In Kitchen Literacy (2008), independent scholar Ann Vileisis examines “how we lost knowledge of where food comes from and why we need to get it back.” Through overarching historical narratives and attentive close-readings of primary sources like diaries, cookbooks, and advertisements, Vileisis addresses the scientific, political, and personal impact of America’s parabolic trajectory back to the land.
The narrative begins in 1998, when Vileisis wonders where the food she’s getting at the store is really coming from—what’s its story? She contrasts her own inability to trace her food’s origin with the diary of a late 18th century woman, who spent much of her life planning and preparing meals. This woman’s experience, the epitome of local sourcing, was representative of her time. She grew and gathered veggies, herbs, and eggs on her own property, bought or bartered meat from neighboring farms, and baked with flour ground at a local mill and grown in her own family’s fields. She had a strong network of family, friends, and neighbors with whom to exchange and share goods during hard times. She often found herself planning a year in advance—what seeds to buy, what crops to plant when, what animals to secure for butchery, and what produce to put up for winter. Compare that to our modern habit of shopping once or twice a week, confident that whatever food we want will always be available on the shelves!
Vileisis continues by explaining how, with industrialization, food came from farther away, and more affluent Americans got away from doing the cooking—let alone the growing, or even the buying. What was bad for consumers was good for big business—because customers didn’t know what to look for anymore, industrial producers were shielded from criticism. At the same time, food quality decreased. Goods traveled long distances on railroads in poor storage conditions—unsealed, unrefrigerated, and unregulated. Animals were packed so tightly on trains that their meat was bruised. Wild foods, like oysters and wild pigeons, were no longer available because they had been so heavily hunted and harvested. And canned foods were another matter altogether. People could no longer tell the quality of their food by its scent or appearance, and added colors and inaccurate labels made it hard to know what was in the food even once it was opened.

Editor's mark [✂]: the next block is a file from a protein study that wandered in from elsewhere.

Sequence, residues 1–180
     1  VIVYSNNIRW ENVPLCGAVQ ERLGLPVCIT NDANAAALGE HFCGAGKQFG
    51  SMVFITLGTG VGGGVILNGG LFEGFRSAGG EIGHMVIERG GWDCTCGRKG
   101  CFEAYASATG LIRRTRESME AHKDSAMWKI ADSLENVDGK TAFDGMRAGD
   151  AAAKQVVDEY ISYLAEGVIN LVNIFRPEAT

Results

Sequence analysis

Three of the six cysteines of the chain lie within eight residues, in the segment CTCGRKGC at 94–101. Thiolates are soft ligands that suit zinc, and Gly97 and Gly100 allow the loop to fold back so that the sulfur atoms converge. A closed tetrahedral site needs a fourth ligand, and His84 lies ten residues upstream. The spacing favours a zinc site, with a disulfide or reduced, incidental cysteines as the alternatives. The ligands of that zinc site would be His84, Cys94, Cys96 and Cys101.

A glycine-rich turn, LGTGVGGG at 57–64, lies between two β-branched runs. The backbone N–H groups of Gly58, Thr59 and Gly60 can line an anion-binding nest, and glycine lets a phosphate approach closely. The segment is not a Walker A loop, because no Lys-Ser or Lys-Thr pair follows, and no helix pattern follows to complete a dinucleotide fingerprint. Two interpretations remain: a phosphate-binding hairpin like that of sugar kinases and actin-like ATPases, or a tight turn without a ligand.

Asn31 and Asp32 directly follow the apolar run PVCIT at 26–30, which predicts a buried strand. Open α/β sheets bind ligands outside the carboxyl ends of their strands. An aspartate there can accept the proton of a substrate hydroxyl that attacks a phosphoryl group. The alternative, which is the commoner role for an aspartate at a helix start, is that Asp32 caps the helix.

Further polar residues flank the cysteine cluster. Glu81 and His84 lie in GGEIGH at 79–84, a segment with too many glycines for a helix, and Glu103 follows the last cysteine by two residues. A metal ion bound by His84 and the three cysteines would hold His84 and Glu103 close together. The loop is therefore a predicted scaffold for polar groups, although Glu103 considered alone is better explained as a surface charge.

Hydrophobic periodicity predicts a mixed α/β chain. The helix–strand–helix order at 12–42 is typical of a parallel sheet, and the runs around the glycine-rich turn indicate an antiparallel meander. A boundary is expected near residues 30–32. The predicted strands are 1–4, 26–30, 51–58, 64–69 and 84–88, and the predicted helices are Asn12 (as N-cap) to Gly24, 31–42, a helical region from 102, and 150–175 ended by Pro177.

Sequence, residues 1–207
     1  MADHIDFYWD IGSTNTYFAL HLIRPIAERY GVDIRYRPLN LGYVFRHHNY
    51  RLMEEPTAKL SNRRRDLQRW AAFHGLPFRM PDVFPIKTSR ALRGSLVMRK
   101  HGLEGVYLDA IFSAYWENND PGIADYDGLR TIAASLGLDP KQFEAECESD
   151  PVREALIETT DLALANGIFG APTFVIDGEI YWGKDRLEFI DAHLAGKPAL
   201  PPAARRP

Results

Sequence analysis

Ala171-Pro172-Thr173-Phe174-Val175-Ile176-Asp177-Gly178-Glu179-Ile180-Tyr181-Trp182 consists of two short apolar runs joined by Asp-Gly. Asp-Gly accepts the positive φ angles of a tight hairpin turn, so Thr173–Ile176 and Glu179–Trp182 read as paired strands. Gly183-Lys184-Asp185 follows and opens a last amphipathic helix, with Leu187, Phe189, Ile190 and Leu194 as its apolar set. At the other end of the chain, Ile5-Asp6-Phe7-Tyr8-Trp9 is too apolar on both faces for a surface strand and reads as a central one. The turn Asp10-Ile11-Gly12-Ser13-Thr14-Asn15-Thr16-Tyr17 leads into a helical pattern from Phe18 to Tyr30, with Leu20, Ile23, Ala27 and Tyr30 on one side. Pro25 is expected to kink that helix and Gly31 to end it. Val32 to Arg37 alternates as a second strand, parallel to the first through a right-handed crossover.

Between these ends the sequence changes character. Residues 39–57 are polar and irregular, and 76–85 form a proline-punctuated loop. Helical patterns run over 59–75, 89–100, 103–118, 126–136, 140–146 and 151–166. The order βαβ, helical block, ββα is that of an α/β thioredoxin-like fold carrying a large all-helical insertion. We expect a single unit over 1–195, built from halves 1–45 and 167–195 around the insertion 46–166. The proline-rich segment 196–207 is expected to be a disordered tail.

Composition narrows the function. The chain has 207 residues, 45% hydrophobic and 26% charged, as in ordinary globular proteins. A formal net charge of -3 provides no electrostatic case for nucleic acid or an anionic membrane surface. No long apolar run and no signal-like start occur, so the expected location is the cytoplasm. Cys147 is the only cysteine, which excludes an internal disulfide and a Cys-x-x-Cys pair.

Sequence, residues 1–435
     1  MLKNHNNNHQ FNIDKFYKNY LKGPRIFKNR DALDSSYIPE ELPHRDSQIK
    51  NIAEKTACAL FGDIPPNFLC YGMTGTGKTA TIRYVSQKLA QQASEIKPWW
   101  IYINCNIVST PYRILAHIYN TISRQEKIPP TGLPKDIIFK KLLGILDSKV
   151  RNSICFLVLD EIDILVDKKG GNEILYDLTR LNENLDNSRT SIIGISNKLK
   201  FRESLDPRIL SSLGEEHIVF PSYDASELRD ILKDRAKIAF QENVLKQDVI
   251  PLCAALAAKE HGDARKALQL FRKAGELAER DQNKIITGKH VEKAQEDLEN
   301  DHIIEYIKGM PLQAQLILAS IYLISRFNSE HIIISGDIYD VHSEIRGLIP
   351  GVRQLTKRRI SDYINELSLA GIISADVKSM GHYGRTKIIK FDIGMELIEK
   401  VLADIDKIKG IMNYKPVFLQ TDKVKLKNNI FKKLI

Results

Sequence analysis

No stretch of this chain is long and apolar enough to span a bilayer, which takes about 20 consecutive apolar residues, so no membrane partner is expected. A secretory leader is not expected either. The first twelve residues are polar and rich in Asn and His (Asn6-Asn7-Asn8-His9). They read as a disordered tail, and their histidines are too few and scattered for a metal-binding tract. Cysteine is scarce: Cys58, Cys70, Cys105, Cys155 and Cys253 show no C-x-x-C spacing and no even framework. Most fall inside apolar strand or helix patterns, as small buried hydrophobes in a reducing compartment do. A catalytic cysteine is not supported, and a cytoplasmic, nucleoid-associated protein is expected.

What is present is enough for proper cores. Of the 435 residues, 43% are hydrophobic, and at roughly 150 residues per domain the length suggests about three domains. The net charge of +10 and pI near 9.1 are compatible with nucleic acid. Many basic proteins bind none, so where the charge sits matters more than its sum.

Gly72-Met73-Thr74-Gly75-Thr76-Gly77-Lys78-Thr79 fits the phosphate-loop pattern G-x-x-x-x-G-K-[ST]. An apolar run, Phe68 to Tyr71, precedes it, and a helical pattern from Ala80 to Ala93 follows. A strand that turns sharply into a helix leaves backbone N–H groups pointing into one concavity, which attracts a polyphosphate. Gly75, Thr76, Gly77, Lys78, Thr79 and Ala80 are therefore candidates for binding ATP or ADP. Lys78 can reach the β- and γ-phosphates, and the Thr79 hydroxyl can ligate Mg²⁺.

Although progress was made with the 1906 Pure Food and Drug Act and the first federal meat inspection bill, brand names were the most useful distinction for safety and quality. And the consequences of choosing the wrong brand were very real—the American public served as guinea pigs for preservatives, pesticides, artificial additives, and even well-known toxins. It took many deaths from arsenic and lead poisoning for the FDA to take a stand.
The World Wars had a serious impact on food, as well. Rationing led to a different type of cooking, strategic and frugal. And postwar, people’s residual fear of deprivation created an environment where cheap, reliable abundance was valued much more than freshness or quality. This increased distance and reliance on processed foods lead to women who knew so little about food that they weren’t confident they could choose good produce or meat in the grocery store, let alone cook a delicious meal from scratch.
In the 50s and 60s, cooking in the home became accessible and enjoyable again, largely in part to “the Julia Child effect.” In the mid-60s, a counterculture of political and ecological movements invited “natural” foods. Alice Waters of Chez Panisse fame led the fresh foods and farm-to-table movements. Science brought a wealth of new possibilities into the food world—now, consumers could have genetically engineered wheat, organic milk, and grass-fed beef. They wondered what each term meant for their health, for animal welfare, and for the environment. They put pressure on companies to first label and then remove additives—to make food that’s safe and nutritious, and to market transparently. And slowly, through beef boycotts and deforestation protests, consumers realized that they could make a difference.
For the first time since the Industrial Revolution, individual consumers felt like they—not the manufacturers—had power. Not only could they choose different products and different brands; they could opt out altogether and direct their capital towards a food system they believed in. Starting in the late 60s, it became possible to know your product through farmer’s markets and CSAs. Many people even started gardens of their own to supplement what they bought.
And with that, Vileisis brings us to today. Though modern, affluent Americans can be confident that their food is safe and wholesome, we still have to contend with issues of obesity and climate change. How we address these problems may well become the next chapter of Vileisis’ book.